Are LED lights making us ill?

Over the last decade, most of Europe and the United States have modified the way they illuminate city and town streets.

Councils and local governments from Paris to Brooklyn have replaced high-energy sodium lights (the warmer, yellow ones) with energy-saving LED lamps (with a blue light emitting diode, which can feel harsh in comparison). In addition to street lights, most of us are exposed to blue light through cellphones, laptops, televisions, and other devices in our homes.

Although this was done to address the pressing need to use less energy and cut carbon emissions - LED lights are more energy-efficient - there are growing worries that LED lights may have a harmful impact on human health that we do not yet completely understand. At the same time as early blue LED lights were being commercialized, there was a breakthrough in our understanding of the eye. The photopigment melanopsin was discovered in the 1990s, explaining how light penetrates the eye and why blue light inhibits melatonin synthesis. Melanopsin-containing cells are highly sensitive to blue light, and melanopsin is critical in establishing circadian rhythms.As a result, blue LEDs create an increase in alertness and interfere with sleep habits in both people and animals.

The World Journal of Biological Psychiatry released an article earlier this year by a group of notable psychiatrists warning of the possible consequences of LED lighting on mental disease.

It highlighted concerns about the impact of blue light on sleep and other circadian-mediated symptoms, the usage of digital healthcare applications and gadgets, and teens' increased susceptibility to blue light.

“My concern about LED lighting followed from a larger, earlier concern about the relationship between light exposure and the occurrence of manic and mixed symptoms in bipolar disorder,” explained John Gottlieb, Clinical Assistant Professor of Psychiatry and Behavioral Sciences at Feinberg School of Medicine in Chicago and one of the paper's authors.

“I had already clearly seen that supplemental light exposure -  in the form of bright light therapy - was extremely helpful to patients with depression. What I was slower to realize was that excess and poorly-timed light exposure could have adverse effects on manic states and the sleep-wake cycle,” he explained.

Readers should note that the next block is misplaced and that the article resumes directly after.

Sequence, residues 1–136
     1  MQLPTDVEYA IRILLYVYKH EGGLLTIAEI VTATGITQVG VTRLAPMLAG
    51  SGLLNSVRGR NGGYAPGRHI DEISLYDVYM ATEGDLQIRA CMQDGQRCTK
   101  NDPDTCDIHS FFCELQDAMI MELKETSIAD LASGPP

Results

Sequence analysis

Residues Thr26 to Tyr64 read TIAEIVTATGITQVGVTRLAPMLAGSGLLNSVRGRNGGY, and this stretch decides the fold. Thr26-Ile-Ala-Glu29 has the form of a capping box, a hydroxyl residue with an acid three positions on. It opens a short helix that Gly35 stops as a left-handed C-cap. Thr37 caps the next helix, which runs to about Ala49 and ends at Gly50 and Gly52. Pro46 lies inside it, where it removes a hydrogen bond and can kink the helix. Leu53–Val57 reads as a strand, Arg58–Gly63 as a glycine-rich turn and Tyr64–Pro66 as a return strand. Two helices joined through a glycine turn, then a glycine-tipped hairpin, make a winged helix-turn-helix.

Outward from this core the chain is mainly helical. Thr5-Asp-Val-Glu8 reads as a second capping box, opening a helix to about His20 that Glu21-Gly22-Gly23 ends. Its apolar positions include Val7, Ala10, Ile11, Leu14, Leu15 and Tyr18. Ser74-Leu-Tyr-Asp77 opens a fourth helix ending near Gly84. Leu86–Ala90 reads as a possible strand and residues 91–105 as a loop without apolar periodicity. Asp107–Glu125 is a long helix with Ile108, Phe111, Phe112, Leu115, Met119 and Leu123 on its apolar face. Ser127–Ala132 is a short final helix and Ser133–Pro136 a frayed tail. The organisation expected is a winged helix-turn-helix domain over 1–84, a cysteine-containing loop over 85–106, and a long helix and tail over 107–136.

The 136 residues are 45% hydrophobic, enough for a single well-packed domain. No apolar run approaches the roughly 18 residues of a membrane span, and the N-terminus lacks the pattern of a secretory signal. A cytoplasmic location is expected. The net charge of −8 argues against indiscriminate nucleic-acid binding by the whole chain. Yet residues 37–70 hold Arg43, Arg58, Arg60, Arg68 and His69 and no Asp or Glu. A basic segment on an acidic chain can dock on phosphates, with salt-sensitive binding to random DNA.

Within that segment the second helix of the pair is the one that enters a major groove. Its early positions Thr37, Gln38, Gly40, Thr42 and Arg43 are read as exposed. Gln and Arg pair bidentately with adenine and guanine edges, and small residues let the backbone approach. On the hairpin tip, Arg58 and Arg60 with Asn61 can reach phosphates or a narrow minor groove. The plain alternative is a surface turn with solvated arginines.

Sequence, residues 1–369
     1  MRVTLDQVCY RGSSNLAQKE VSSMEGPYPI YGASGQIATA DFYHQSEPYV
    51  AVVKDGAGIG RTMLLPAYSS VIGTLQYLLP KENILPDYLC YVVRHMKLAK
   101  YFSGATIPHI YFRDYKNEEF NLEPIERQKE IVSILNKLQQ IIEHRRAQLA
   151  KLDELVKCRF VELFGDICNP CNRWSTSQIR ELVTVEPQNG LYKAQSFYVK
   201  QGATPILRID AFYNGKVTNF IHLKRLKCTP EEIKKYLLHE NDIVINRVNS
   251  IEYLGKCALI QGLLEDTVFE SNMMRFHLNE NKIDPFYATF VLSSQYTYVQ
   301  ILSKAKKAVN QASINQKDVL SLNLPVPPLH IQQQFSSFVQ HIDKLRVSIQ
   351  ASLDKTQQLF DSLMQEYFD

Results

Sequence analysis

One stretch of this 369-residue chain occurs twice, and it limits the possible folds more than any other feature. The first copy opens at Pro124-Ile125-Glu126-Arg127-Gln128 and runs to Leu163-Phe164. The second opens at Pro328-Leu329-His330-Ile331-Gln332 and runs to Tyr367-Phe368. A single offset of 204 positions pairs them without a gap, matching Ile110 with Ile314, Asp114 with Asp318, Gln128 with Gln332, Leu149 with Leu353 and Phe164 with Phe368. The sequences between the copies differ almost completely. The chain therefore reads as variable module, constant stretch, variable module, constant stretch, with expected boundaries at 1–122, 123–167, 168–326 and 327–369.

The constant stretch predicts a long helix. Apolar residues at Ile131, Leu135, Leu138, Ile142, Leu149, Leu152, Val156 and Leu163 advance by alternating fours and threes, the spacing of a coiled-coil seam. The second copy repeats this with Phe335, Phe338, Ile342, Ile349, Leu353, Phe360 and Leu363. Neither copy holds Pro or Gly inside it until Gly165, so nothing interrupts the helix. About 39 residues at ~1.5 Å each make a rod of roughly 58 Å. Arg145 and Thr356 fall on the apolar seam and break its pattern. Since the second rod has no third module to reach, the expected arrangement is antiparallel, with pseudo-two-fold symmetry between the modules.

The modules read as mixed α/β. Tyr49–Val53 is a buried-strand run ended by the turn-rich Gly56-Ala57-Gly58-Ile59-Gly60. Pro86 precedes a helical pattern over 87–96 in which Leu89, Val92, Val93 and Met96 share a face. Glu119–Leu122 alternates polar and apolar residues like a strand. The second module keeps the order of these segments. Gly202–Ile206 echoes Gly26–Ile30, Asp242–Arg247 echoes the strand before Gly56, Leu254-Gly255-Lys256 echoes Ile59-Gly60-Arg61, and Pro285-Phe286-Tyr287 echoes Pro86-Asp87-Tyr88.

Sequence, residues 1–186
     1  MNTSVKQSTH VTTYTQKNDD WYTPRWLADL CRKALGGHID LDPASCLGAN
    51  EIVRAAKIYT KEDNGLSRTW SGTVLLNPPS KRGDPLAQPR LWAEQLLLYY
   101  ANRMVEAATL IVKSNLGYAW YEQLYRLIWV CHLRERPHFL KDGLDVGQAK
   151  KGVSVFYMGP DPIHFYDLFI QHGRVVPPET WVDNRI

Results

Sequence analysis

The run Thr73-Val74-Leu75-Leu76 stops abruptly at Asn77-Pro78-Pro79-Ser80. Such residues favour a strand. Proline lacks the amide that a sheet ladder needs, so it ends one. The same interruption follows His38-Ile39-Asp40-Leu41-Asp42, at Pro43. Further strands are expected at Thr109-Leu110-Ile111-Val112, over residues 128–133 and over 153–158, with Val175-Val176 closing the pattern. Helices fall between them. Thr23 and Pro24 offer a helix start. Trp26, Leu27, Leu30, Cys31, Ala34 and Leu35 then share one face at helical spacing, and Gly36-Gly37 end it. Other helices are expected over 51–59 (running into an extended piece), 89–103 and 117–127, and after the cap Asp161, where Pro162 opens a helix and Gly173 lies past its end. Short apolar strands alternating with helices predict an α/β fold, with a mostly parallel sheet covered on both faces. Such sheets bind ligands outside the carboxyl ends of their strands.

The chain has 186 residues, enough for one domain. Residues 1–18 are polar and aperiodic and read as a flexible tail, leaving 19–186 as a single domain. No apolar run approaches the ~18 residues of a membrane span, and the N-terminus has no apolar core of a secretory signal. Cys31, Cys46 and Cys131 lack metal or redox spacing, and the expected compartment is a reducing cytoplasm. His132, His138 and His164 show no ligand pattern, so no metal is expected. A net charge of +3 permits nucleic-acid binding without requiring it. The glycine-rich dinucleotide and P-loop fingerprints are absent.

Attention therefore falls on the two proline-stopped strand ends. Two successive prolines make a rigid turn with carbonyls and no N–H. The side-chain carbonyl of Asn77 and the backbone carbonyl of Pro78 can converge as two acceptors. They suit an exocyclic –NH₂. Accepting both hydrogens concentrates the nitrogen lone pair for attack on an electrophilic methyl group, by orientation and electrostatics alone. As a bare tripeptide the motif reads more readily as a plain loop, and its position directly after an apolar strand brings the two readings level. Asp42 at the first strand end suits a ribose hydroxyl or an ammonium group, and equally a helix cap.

The work has ramifications for mental disease therapy. If a person is prescribed a self-monitoring app and encouraged to use their smartphone to document mood changes, for example, and they do so before bed, it might disrupt their sleep, circadian rhythms and health.
“Because they are ubiquitous, smartphones represent the larger public health hazard,” Gottlieb added. “Streetlights, though, are not benign and together with the entire set of nocturnal lighting for entertainment, traffic, reading, etc contribute to the phenomena of light pollution, which we are becoming increasingly sensitised to.” 

Blue light has been shown in studies to block melatonin release, which interrupts sleep and can influence quality of life, physical and mental health, and susceptibility to sickness. Previous research on sleep problems in children and teenagers has found a strong and continuous link between sleep disorders and the frequency with which digital devices are used.

The National Sleep Foundation now recommends avoiding using technology 30 minutes before bed and eliminating gadgets from the bedroom. There are presently no particular guidelines for persons who have a mental condition or are sensitive to circadian disturbance.

As LED technology has grown fast throughout the world, the emphasis has been on the aesthetic and energy-saving aspects. Scientists, health experts, and the LED industry are now collaborating to reduce blue light in LEDs and build configurable lights that will not affect persons with psychiatric problems.
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